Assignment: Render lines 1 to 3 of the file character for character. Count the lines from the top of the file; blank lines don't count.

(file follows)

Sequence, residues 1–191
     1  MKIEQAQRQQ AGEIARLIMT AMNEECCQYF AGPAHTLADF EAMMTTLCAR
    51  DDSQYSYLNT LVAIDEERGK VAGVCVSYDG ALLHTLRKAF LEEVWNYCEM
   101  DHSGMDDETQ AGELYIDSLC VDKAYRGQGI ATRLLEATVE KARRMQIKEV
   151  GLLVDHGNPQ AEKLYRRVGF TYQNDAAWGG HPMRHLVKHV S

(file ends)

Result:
Sequence, residues 1–191
     1  MKIEQAQRQQ AGEIARLIMT AMNEECCQYF AGPAHTLADF EAMMTTLCAR
    51  DDSQYSYLNT LVAIDEERGK VAGVCVSYDG ALLHTLRKAF LEEVWNYCEM